At $99 the price is just right, considering the rugged metal housing and the brand name.
MXR M75 AT A GLANCE
• Can deliver a wide palette of distortion styles
• Flexible 3-way EQ section
• Plenty of gain on tap
• Rather weak in the low gain range
• Not the best choice if you have a solid state amp.
We were quite surprised to find this pedal mentioned in almost all the best-of lists we took into account for this piece.
This all-original circuit features dual gain engines—with independent tone controls for each—letting you select multiple variations of distortion and parallel/series configuration. Series/Blend switch lets you stack channels for thick, cascading distortion, while the Bass Boost switch fattens up your tone. Players and critics love it not only for its sound but for its versatility, although it shines at high gain distortion.
It doesn’t have separate footswitches for each channel (something you can have in its bigger and pricier sibling the Fender Duel Pugilist), but at $119, that’s something nobody, in good conscience, can complain about.
Read our Fender Pugilist review.
FENDER PUGILIST AT A GLANCE
• We like how it sounds
• It marries flexibility and original design
• A bargain, considering it's a dual channel distortion
• Low gain tones not as good as high gain ones
• No dedicated footswitch for each channel
3. BOSS DS-1
This BOSS distortion pedal is an affordable, evergreen classic that covers your basics and does it with style. Released in 1978, the DS-1 is one of the (if not the) best-selling pedals ever. The Level and Dist knobs open up a variety of saturated and distorted sounds, while the Tone knob can make your guitar cut through during a solo or tame the highs for chord sections. Curt Cobain and Prince were big fans of it.
In recent years it seems to have become something of a “love it or hate it” item among guitarists, with some declaring it’s the best pedal distortion ever made, and others simply not getting it. This is probably due to the fact that it’s not precisely a pedal made for warm/dynamic tones, nor it’s the best distortion pedal for blues.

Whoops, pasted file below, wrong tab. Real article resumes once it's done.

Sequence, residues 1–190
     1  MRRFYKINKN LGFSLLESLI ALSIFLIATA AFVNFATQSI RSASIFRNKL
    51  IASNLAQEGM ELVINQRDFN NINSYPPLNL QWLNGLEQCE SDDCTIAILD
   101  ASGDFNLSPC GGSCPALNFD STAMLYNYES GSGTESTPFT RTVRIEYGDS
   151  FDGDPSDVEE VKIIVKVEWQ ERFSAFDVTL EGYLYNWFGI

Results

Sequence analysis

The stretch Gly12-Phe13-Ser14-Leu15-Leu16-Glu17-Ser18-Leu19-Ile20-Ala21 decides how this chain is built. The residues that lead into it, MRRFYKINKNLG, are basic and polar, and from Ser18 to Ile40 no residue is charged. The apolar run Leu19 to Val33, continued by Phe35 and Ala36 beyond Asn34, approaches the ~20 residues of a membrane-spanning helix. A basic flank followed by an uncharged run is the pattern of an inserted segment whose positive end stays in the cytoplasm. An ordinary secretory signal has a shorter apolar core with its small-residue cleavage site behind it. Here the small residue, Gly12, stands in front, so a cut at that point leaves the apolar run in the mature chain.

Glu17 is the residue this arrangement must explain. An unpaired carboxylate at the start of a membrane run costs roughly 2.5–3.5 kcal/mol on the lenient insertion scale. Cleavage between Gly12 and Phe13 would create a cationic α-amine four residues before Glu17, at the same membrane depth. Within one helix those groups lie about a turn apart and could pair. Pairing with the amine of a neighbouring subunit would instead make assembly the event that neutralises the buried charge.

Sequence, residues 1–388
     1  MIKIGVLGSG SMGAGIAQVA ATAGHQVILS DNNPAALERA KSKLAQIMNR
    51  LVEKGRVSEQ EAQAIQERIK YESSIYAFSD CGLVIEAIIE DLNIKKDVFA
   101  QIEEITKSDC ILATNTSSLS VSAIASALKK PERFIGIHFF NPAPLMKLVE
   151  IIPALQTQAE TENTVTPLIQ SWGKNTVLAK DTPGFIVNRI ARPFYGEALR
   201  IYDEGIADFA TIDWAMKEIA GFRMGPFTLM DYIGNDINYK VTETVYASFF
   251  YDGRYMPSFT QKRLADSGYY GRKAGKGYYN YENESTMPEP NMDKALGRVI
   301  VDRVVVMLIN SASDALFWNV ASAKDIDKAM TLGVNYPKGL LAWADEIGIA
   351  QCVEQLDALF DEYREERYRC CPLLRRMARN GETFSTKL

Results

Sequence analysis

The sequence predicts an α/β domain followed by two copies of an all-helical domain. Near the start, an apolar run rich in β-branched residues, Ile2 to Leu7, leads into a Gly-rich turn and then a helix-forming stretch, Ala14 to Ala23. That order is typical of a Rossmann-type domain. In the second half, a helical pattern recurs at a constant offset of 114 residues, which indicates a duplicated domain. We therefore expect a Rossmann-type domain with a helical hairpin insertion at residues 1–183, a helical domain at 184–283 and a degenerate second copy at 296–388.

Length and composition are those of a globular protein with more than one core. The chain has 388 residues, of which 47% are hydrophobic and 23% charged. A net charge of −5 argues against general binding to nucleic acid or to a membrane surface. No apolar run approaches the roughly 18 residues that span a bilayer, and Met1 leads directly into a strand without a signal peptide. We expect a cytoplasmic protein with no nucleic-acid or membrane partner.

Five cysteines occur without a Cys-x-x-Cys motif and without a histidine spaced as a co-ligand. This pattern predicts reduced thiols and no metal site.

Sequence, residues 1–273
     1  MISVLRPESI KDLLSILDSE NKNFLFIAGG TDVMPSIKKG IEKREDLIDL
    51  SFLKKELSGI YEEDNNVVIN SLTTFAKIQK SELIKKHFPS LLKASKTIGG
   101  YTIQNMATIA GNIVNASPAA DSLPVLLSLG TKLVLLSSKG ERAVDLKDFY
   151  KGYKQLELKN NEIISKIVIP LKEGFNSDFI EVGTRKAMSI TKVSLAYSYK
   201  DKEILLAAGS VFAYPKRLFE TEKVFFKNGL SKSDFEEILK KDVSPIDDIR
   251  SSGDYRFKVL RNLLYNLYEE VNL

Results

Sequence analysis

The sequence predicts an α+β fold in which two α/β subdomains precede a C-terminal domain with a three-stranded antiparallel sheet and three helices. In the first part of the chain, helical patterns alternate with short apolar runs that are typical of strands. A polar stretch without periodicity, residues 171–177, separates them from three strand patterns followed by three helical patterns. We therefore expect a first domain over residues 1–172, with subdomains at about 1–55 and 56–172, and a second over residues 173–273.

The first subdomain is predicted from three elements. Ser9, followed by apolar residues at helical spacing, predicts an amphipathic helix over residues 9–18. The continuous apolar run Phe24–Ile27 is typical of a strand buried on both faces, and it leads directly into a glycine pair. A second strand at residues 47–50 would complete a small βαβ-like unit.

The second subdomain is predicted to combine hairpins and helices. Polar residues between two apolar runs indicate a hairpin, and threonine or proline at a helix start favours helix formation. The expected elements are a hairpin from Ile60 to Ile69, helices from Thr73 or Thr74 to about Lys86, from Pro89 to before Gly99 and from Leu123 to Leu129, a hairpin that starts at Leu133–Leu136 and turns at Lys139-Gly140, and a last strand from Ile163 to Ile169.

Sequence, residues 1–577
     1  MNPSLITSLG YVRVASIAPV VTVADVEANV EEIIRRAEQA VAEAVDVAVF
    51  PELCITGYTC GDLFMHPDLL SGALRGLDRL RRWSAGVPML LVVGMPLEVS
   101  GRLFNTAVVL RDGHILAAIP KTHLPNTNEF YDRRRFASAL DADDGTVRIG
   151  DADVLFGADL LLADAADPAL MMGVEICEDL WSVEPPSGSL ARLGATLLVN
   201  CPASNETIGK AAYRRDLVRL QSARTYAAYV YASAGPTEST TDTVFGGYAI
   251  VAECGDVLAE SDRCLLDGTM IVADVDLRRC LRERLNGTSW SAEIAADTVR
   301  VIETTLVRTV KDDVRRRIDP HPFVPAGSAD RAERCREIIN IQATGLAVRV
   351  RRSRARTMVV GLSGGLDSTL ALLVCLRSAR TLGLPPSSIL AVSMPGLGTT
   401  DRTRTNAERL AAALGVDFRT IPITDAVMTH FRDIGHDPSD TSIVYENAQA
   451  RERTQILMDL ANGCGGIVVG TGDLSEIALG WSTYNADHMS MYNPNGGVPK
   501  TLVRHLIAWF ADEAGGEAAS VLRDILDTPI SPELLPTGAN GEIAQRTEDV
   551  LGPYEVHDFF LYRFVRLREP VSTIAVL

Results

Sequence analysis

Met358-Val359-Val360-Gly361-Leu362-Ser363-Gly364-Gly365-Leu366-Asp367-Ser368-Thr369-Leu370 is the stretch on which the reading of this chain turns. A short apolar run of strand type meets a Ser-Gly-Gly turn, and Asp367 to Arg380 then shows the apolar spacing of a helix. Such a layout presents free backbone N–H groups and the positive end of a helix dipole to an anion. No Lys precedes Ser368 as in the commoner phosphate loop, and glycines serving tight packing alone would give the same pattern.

But it’s an effect that can make magic happen when fed into a quality tube amp on the edge of breakup adding extra overtones and clipping to the tone.
Read our Boss DS-1 review.
BOSS DS-1 AT A GLANCE
• Classic, Kurt Cobain-proof distortion tones, from crunch to full-on
• It can be easily modded
• Incredibly affordable
• It won't do "bluesy warm" nor "fat."
• Not the best choice if you have a solid state amp.
4. ProCo Rat
Launched in 1978, the RAT is a classic, evergreen distortion circuit that’s remarkably affordable and quite flexible tone-wise. It seems to be permanently on top of Reverb’s list of best-selling distortion pedals. Its aggressive distortion is achieved by overdriving an op-amp chip, rather than diodes and transistors like most other similar devices do.
There have been a few different versions of the classic RAT featuring different op-amps, but overall, the line has remained true to the original, consistently shining at thick distortion and borderline fuzz tones. At lower gain settings the RAT produces a usable overdrive sound, but this is a pedal born for lead tones, fully distorted rhythm parts, and even over-the-top fuzzy madness when all gain knobs are turned up.